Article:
Fukuoka Aims To Conquer U.s. Market With Sweet Locally Grown Strawberries

Fukuoka aims to conquer U.S. market with sweet locally grown strawberriesAmao, a high-end variety of strawberry grown here, has seen a huge surge in exports to Asian markets in recent years, particularly Hong Kong and Singapore, where it is a prized fruit.

The Fukuoka prefectural government is now gearing up to promote the strawberries in the vast U.S. market, taking aim first at New York, a city that commonly offers foods and cuisines from around the world.

The plan is part of a program to bolster local farmers’ competitiveness as the Trans-Pacific Partnership free trade agreement is likely to see foreign farm products flooding the Japanese market in increasingly large numbers.

“Farmers should be more aggressive in the future,” said Fukuoka Governor Hiroshi Ogawa, pinning hopes on Amao as the top dog of the sales offensive.

Known for its relatively large size and high sugar content, Amao is No. 1 in terms of unit selling price in Japan. In Asian markets, where Amao has already established its name, it is traded at a price two to three times that in Japan.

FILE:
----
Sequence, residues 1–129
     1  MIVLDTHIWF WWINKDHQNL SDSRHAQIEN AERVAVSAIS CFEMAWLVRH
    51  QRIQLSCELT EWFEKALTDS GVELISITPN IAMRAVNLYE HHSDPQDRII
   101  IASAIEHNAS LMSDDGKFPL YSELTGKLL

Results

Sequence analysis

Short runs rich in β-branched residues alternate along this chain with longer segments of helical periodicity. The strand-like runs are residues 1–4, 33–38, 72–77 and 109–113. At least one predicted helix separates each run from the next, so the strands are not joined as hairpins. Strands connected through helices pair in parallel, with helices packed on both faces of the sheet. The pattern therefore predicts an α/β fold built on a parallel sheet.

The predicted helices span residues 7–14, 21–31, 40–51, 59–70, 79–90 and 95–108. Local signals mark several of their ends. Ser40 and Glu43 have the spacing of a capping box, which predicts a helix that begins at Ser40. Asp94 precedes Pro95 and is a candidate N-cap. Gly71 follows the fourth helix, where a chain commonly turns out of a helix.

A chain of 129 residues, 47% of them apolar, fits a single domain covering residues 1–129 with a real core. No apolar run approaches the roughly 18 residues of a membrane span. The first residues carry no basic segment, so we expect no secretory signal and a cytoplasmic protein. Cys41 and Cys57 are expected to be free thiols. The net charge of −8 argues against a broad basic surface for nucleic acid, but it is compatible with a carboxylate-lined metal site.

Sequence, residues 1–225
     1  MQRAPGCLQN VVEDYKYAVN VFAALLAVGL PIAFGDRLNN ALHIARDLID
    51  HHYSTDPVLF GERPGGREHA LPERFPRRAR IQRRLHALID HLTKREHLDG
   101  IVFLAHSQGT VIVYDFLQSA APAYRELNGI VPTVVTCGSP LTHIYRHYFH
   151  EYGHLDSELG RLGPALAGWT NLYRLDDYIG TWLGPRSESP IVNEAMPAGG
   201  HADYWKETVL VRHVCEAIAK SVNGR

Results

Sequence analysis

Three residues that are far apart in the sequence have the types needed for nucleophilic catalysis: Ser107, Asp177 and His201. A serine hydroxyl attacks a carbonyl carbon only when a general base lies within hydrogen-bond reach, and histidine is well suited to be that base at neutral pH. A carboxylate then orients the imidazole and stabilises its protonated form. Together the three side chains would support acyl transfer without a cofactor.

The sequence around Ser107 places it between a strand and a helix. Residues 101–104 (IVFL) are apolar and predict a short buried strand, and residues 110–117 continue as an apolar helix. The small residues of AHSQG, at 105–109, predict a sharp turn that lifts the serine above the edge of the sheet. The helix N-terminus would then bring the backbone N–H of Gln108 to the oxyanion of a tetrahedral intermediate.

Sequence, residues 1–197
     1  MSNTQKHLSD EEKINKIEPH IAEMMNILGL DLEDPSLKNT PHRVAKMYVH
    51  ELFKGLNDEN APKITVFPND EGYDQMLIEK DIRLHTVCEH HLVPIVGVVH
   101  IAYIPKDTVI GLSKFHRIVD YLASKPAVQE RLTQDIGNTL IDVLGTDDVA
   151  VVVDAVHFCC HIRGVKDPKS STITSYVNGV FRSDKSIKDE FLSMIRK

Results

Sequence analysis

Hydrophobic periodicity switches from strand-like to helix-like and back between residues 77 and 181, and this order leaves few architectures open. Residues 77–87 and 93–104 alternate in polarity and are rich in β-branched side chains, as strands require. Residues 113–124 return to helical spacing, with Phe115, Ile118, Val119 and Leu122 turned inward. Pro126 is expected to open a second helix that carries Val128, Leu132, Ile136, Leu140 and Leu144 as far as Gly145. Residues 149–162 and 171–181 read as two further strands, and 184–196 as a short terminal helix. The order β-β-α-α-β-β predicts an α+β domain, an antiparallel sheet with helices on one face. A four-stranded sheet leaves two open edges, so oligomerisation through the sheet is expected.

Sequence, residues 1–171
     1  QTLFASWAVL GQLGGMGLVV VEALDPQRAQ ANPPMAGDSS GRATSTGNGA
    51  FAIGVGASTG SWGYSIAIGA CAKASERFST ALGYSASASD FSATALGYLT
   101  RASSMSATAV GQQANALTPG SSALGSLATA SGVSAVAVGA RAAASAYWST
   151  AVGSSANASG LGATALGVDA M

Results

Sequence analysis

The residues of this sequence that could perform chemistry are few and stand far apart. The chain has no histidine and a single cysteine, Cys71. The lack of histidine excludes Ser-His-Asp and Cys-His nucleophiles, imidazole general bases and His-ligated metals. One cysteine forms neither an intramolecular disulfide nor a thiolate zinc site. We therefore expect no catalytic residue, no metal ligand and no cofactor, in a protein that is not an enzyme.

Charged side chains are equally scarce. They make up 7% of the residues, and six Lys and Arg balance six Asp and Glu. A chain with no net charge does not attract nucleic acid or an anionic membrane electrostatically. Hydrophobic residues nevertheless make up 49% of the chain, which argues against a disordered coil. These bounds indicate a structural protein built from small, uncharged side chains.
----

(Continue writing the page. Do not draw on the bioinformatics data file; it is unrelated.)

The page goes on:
The prefectural government plans to conduct market research on what kind of strawberries is preferred by consumers in New York and other major U.S. cities, as well as study the costs to distribute the Amao strawberry there.

Officials will request the funds for the research in its fiscal 2016 budget draft.

Prefectural officials will advise local farmers on possible exports based on the findings of the study in the United States.

In fiscal 2014, 85 tons of Amao were exported, primarily to Hong Kong, Singapore, Taiwan and Thailand.

Amao represents nearly half of the strawberries exported from Japan.